: IBM Eyes Hosted Web Services"> Jason Bloomberg, an analyst with ZapThink LLC, of Cambridge, Mass., said that Project Allegro is ahead of its time. Billing and metering will be an important aspect of Web services, but not until late 2004 or early 2005, after such issues as security, management and transactions mature and are dealt with. Other industry observers say another key issue that needs to be settled before billing and metering becomes important is determining who would want to pay for Web services. Sutor said Project Allegro allows for flexibility in handling all of these issues.Meanwhile, Microsoft, of Redmond, Wash., and CA, of Islandia, N.Y., this week announced plans to team to host a series of technical training sessions to help developers build Web services based on Microsofts .Net technology. The sessions will be held prior to the Microsoft Enterprise Conference in Anaheim, Calif., next month. The companies plan to cover the gamut of XML Web services development and deployment, and will focus on developing Web services with Microsoft Visual Studio .Net and managing and monitoring them with CAs AllFusion Harvest Change Manager and Unicenter systems management solution. Also this week, Dimension Data Holdings plc, a London-based technology services company with U.S. operations in Reston, Va., announced a pre-configured Web services platform with hardware, software and infrastructure packaged to enable organization to pilot and then deploy actual production-level Web services. The company provides a server loaded with application software, a Web server, a database server and an application server. It also offers the Dimension Data Web Services Framework with monitoring and security features, sample applications and bundled services, the company said. Dimension Data officials said its server platform is based on .Net technology, and that the company will offer versions of its platform for Java 2 Enterprise Edition- and Linux-based systems later this year. Related Stories:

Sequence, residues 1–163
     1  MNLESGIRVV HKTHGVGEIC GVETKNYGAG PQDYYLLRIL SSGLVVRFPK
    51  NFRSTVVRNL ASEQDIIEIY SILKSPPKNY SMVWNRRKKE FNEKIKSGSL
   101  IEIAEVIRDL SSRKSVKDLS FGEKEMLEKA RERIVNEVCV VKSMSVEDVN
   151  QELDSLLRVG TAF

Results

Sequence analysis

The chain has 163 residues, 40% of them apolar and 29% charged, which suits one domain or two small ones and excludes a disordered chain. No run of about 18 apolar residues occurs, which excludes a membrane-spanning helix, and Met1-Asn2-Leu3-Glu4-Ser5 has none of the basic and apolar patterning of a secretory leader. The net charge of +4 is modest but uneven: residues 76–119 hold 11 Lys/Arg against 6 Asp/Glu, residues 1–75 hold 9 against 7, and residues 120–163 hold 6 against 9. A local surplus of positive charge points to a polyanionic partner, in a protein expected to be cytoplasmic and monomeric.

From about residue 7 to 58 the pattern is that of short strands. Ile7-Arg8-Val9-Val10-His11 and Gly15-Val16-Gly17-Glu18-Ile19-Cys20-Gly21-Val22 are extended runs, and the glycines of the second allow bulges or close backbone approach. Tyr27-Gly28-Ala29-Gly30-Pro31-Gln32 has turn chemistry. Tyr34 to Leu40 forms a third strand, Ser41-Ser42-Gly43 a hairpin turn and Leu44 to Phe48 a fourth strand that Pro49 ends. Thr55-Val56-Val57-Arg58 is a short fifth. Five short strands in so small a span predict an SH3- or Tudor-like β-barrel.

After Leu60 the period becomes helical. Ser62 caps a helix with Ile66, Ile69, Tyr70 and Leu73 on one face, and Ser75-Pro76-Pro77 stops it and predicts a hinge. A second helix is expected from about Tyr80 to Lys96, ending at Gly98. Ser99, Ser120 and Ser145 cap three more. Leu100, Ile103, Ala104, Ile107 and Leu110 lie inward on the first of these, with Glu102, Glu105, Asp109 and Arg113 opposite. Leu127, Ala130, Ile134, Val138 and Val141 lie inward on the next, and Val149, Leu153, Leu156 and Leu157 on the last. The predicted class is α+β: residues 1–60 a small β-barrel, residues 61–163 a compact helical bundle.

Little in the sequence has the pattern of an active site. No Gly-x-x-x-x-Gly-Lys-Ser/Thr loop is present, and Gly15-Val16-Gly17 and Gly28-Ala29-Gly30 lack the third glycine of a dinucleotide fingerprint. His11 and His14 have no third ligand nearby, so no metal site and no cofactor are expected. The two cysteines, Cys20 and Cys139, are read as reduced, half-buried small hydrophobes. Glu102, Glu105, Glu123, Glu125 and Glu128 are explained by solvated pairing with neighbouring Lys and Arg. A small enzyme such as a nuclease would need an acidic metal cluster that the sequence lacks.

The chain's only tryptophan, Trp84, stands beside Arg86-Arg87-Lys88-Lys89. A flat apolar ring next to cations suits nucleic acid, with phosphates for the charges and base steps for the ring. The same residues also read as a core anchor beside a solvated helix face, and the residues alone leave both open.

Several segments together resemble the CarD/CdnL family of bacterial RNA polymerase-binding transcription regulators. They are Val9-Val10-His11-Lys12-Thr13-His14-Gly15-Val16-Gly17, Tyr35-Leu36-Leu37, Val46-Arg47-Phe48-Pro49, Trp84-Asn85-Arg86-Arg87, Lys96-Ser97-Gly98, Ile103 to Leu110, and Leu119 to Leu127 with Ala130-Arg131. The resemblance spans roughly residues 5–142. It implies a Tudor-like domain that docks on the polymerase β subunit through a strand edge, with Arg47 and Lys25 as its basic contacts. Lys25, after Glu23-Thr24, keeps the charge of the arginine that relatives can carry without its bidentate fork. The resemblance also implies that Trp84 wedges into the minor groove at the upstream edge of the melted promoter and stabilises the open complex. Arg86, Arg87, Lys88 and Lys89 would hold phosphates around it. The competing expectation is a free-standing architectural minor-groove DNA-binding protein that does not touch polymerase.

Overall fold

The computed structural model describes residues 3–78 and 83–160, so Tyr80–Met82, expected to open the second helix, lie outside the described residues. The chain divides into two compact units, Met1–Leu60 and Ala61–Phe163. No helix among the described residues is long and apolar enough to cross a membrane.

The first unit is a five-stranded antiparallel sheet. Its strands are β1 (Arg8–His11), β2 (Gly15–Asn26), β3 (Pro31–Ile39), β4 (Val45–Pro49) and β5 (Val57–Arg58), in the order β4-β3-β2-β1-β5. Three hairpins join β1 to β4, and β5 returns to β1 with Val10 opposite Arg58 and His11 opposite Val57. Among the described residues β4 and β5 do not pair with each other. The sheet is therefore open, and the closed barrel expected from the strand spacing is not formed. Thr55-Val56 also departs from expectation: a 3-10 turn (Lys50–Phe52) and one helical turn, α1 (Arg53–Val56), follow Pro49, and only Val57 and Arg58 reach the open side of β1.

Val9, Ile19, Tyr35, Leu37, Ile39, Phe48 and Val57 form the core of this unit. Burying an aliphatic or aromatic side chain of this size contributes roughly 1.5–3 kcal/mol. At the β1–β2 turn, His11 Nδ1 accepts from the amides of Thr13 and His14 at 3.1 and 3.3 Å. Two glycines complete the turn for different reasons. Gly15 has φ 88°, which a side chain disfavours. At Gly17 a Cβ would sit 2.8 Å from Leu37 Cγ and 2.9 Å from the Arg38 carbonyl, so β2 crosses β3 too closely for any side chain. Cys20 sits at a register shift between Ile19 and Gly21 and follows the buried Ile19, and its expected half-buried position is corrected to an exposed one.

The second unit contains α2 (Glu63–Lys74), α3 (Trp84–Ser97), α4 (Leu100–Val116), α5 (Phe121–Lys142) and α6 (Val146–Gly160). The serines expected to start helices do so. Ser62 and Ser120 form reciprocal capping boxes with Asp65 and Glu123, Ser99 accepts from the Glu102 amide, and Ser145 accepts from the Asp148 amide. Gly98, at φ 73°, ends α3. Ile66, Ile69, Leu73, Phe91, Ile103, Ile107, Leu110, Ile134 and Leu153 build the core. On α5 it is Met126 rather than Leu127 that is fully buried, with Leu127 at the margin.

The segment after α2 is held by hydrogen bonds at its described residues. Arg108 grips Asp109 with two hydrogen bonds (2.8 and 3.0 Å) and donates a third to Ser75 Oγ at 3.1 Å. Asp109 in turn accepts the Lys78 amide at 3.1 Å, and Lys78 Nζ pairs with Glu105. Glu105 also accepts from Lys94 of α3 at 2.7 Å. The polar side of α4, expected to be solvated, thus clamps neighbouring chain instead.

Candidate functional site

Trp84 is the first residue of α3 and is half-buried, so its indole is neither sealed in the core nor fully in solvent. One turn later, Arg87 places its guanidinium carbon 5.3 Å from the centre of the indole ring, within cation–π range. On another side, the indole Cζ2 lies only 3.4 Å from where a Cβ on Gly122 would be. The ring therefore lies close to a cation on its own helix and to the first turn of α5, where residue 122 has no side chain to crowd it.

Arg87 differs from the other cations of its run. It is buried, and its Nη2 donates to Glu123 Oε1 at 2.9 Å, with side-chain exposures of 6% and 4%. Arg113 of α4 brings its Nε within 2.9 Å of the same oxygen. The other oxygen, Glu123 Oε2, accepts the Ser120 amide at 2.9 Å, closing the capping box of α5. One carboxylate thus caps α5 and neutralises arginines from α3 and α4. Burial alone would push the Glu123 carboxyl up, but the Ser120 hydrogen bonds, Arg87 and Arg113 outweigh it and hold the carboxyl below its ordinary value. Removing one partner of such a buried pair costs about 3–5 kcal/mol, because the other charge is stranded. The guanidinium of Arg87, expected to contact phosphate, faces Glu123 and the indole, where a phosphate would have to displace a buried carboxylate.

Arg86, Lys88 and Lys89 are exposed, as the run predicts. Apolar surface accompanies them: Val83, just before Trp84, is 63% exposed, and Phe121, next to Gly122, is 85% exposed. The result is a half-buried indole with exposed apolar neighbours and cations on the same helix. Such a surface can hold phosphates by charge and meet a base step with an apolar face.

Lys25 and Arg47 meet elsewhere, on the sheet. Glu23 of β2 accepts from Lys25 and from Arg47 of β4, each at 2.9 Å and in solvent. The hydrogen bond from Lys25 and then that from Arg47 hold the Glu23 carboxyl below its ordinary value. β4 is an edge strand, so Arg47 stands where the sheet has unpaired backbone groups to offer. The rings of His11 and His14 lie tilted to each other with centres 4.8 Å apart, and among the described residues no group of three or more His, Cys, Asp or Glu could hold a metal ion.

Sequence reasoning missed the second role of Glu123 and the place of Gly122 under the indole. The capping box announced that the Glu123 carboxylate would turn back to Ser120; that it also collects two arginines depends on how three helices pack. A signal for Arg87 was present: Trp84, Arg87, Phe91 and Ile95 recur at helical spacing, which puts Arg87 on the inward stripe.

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Bloomberg is skeptical. "Business models that require paying for content online have proven to be extraordinarily difficult to establish," he said. "Why will paying for Web services online be any different?"